A good example of this is getting into and out of bed. Get into the habit of lying on your side and then slowly rolling to your back when getting into bed. For getting out of bed, roll to your side, lower the legs off the bed, then use your upper body strength to push yourself up to seated. If you can, get someone to help you with this as well.

3. Restorative breathing

Core restoration can start within the first few days postpartum. You are going to start reprogramming your core to function from your diaphragm down to your pelvic floor muscles with the Connection Breath.

On your inhale breath, feel your rib cage and your belly gently expand and relax. On your exhale breath, gently exhale to encourage gentle activation through your pelvic floor and deep abdominal muscles.

Before you do any exertion, say getting out of bed or picking up the baby, practice your Connection Breath. Start your exhale breath and then begin your movement or lift.

4. Walking

In the first few days, you’ll want to stay off your feet as much as possible. As you begin to heal, slowly increase the amount of walking you’re doing around the house. Monitor your energy levels that day and the next, and if you’re feeling good, you can keep slowly increasing your movement. Start with short outdoor leisurely walking and gradually increase your time. Use this as a time to breathe, relax, and move.

5. See a women's health physiotherapist/physical therapist

Within the first six weeks (or earlier) after baby arrives you should see a women's health physio, even if you’re not having any discomfort, and assuming that your doc has given you clearance. They can make sure you’re healing well, your pelvic floor is functioning on point, and start doing some really important scar mobilization.

To find a women's health physiotherapist in your area, search any of the websites below looking for terms such as “pregnancy/postpartum,” “pelvic,” or “women’s health” under specialty or area of practice:

Depending on your healing process, you may begin core restoration exercises in addition to the Connection Breath prior to your six-week check-up. There really is no magic date of when you should begin adding in more activity, as everyone heals at their own pace. Some of my clients have begun adding in the exercises below within the first few weeks postpartum.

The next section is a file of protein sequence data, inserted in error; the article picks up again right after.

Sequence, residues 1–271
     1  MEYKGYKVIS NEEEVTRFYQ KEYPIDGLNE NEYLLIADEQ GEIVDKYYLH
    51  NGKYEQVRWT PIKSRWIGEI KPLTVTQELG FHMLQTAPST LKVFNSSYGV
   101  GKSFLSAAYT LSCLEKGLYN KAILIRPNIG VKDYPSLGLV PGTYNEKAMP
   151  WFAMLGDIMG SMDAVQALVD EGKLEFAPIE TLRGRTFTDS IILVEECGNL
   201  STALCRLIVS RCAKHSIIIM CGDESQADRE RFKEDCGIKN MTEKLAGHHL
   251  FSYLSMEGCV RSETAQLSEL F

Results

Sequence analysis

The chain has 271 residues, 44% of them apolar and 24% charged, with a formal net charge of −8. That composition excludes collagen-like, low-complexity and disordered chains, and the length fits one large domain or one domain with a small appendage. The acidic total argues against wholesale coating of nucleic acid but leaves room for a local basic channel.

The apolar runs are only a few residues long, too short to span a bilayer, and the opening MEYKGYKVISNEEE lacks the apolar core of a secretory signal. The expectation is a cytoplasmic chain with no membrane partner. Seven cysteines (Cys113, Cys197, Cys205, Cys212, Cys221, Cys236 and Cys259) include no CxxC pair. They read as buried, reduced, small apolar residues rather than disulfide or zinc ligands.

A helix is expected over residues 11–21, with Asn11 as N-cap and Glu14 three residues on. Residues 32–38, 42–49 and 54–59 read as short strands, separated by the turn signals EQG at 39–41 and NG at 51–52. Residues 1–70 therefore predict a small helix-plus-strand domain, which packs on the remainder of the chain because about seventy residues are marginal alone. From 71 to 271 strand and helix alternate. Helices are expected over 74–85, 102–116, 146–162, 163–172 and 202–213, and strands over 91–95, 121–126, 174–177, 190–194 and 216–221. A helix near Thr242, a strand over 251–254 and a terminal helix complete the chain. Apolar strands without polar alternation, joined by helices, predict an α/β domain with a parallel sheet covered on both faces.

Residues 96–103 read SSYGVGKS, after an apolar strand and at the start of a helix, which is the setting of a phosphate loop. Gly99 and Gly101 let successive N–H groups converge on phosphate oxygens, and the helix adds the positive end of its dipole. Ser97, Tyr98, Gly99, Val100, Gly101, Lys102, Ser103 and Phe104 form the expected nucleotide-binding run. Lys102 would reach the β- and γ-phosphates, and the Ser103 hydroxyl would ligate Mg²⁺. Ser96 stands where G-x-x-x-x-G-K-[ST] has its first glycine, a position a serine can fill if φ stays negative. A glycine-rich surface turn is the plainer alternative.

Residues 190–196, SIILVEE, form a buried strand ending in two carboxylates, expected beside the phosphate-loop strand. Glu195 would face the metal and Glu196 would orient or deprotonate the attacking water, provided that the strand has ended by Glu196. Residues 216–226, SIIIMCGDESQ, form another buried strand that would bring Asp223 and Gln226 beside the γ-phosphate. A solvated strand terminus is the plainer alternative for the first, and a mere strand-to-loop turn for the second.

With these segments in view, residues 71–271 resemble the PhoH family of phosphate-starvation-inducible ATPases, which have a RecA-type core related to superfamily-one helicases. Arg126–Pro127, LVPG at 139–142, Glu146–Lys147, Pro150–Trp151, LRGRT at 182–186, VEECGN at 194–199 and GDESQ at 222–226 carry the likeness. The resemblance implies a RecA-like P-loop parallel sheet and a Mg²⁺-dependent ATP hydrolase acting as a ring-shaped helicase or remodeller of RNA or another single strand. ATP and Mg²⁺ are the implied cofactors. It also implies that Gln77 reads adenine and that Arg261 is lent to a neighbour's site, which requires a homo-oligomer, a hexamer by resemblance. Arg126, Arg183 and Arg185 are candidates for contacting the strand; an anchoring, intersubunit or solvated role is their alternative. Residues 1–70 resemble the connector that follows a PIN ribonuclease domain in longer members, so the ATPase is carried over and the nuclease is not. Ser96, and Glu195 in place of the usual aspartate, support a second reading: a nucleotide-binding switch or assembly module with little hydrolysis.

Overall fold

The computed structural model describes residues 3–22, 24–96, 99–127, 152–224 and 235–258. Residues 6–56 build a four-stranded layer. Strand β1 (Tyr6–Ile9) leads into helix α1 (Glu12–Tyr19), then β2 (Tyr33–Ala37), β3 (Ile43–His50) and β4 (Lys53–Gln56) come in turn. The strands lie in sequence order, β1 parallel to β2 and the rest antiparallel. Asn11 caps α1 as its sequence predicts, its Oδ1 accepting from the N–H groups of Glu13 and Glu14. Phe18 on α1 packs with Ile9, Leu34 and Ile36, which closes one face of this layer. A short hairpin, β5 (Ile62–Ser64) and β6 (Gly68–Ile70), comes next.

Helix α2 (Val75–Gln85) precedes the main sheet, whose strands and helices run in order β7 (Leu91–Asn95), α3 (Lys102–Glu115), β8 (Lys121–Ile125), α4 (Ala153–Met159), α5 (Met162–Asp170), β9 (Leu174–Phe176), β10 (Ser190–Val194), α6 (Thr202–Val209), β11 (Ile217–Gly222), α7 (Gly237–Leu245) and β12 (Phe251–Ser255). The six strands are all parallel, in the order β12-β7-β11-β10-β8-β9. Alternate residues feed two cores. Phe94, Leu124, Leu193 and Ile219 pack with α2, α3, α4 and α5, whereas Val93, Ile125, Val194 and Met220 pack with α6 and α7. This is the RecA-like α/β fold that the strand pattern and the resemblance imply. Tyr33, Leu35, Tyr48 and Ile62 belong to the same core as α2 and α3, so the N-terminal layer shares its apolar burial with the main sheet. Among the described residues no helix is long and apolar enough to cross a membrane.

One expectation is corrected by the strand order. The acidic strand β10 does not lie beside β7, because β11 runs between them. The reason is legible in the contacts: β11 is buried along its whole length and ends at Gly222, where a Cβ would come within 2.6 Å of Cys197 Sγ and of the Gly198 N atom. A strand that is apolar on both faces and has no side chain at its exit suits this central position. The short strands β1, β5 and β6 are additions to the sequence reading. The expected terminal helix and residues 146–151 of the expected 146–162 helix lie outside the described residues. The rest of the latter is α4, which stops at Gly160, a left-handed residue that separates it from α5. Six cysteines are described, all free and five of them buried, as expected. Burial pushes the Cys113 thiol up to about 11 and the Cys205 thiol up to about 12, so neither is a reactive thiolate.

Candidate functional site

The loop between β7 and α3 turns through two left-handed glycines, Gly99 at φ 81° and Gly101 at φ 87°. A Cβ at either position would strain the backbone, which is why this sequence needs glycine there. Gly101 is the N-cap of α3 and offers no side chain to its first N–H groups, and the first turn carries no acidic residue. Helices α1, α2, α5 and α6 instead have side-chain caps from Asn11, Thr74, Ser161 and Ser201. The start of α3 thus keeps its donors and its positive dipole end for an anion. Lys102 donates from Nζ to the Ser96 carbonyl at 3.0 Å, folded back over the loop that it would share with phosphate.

Examples of beneficial core restoration exercises are:

The Connection Breath can be integrated into each of these exercises. You’ll want to exhale on the toughest part of the exercise, just before you move. As an example, in the Glute Bridge, you’ll start your exhale breath to lift up and inhale as you return down.

Returning to Strength Training After C-Section

In your return to more traditional strength training (after your six-week clearance and a check-in with the pelvic floor physio) you’ll want to allow your body plenty of time to adapt to the increase in movement and a good deal of recovery time between bouts of exercise. If you have any bleeding or pain (scar, pelvic, back) at all during or after exercise, keep your intensity more mild.

Try starting with two workout sessions per week of 15 minutes duration, and if you’d like, slowly increase from there. Increase your workout duration by five minutes biweekly. Just for reference, most of the women I work with keep their workouts between 30 to 40 minutes in length and aim for three to four sessions per week. You can slowly build up to this amount if that works for your lifestyle and needs.

csection-bandpullaparts-356x338In your return to strength training you’ll want to use your bodyweight as resistance, as well as resistance bands, suspension trainers, and light weights.

Examples of beneficial exercises are:

Again, the Connection Breath can be integrated into each of these exercises. You’ll want to exhale on the toughest part of the exercise, just before you move. For example, in your squat, inhale as you squat down and then exhale to stand back up.

You’ll notice that in each of the exercises above, you’re keeping your body in “neutral alignment.” This means that your spine is kept in a long, straight line. We want to have a small arch in the lower back and a tall upper back, growing "up" out of the crown of the head. I always cue to have the “ribs over the hips” as you want your rib cage stacked right over your pelvis.

Exercises to avoid after C-section:

  • Crunches, sit-ups, leg raises, and front planks
  • Running, jumping, step ups
  • Heavy overhead presses
  • Heavily weighted exercises
  • Anything with direct downward pressure on the pelvic floor, such as a barbell back squat.

The return to exercise post C-section is very much similar to the return to postnatal exercise after a vaginal birth. Really pay attention to how your body feels during and especially after exercise. Above all, move in ways that make you feel safe, amazing, and energized during and after exercise.

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About the author:  Jessie Mundell

Jessie Mundell is a certified kinesiologist and a Precision Nutrition Level 1 coach, as well as an author and mother. She specializes in pre- and postnatal exercise and corrective exercise. Learn more about Jessie on her website and connect with her on Twitter.